Rogers Cable TV (est. 1967) grew and grew first by acquiring other cable companies, most notably Premier Cablevision in 1980, which made it the largest cableco in Canada. In 1986, the company was renamed Rogers Communications and got into the burgeoning cellular telephone business. In 1988, it acquired numerous radio and TV stations from Selkirk Communications. In 1994, Mr. Rogers took over media conglomerate Maclean Hunter for $3.1 billion, which was more than five times the size of the previous largest media takeover in Canada. In addition to Maclean’s magazine and the Sun newspaper chain, which were later sold, Maclean Hunter owned 35 Ontario cablecos serving 9 percent of the national market, along with 21 radio stations in Ontario and the Maritimes. Adding those cablecos to the 24 percent Rogers already owned gave it one in every three Canadian cable subscribers. In 1994, it began swapping cablecos with Shaw, effectively carving up the country between them from east to west. As the profits piled up, so did the acquisitions. In 2001, Rogers acquired CTV Sportsnet and renamed it Rogers Sportsnet. Later that year it added The FAN 590 sports radio station and 14 Northern Ontario radio stations. In 2007, it acquired the Citytv network. In 2012, it acquired Score Media for $167 million and folded The Score Television Network into Sportsnet. In 2011, it formed a partnership with Bell to pay $1.32 billion for a controlling interest in Maple Leaf Sports & Entertainment, which owns the NHL’s Toronto Maple Leafs, the NBA’s Toronto Raptors, the CFL’s Toronto Argonauts, and Toronto FC of the MLS. The federal Competition Bureau looked askance at that deal, but as usual decided not to do anything about it.

Meanwhile in Alberta, J.R. Shaw pursued a similar growth strategy, in 1966 founding Capital Cable Television in Edmonton. It changed its name to Shaw Cablesystems in 1983 and grew by acquiring cablecos including Classicomm in the Toronto area, Access Communications in Nova Scotia, Fundy Cable in New Brunswick, Trillium Cable in Ontario, Telecable in Saskatchewan, and Greater Winnipeg Cablevision. In 1998, Shaw spun off its acquired TV stations into the separate company Corus Communications, which similarly expanded by acquiring radio and television stations across Canada. In 2010, Corus acquired the Global Television network from bankrupt Canwest Global Communications. In 2016, Shaw bought Wind Mobile for $1.6 billion and renamed it Freedom Mobile. Shaw sold its Corus shares in 2019, and that company is now controlled by the Shaw Family Living Trust. It is not included in the proposed sale to Rogers, which in addition to cash would see about 60 per cent of Shaw shares exchanged for Rogers shares.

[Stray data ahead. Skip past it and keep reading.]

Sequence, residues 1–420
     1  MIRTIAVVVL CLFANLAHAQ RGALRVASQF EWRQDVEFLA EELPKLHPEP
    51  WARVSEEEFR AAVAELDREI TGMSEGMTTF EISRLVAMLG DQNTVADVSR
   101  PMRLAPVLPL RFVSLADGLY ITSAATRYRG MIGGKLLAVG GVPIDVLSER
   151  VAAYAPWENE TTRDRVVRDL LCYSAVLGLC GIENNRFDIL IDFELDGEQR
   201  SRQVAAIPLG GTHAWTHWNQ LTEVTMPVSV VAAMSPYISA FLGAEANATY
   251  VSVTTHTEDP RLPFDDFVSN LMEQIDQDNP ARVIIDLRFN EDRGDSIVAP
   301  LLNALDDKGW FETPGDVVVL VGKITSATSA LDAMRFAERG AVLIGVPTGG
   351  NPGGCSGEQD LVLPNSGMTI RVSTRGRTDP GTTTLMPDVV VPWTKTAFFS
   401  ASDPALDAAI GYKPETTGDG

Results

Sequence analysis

Rogers says it expects to achieve $1 billion of synergies from the merger, mostly from cost savings, yet paradoxically pledged to create up to 3,000 net new jobs, including a Western regional headquarters in Calgary. As consumer outrage grew, even the staunchly capitalist Financial Post spoofed the deal as “all do-gooding, all the time.”

Thus its takeover of Shaw will: create 3,000 new jobs; enable a new $1-billion fund “dedicated to connecting rural, remote and Indigenous communities to high-speed internet across the four Western provinces;” involve $2.5 billion of new spending … to build a 5G network in Western Canada, “driving economic growth and strengthening innovation;” “grow” more local jobs across Western Canada; produce $1 billion a year of those time-honoured but always mysterious benefits of mergers, namely, “synergies;” and, finally, not raise Shaw’s Freedom Mobile wireless rates “for at least three years following the close of the transaction.” 

It's enough to make your head spin, but it can’t obscure the truth that the last thing we need in Canada is for Big Media to get any bigger. The Competition Bureau has promised to review the proposed merger, but its investigations take forever and always result in it simply rubber-stamping the deal, as we learned recently in the dodgy Torstar-Postmedia doings. “We feel confident this transaction will be approved,” Rogers CEO Joe Natale told a conference call. He should, at least when it comes to the Competition Bureau. The CRTC might be another matter. After all, the minority Liberal government ordered Canada’s top three wireless operators, which together control 89.2 percent of the market, to cut prices on their mid-range service plans by 25 per cent within two years or face regulatory action. 

Stay tuned. This could get interesting.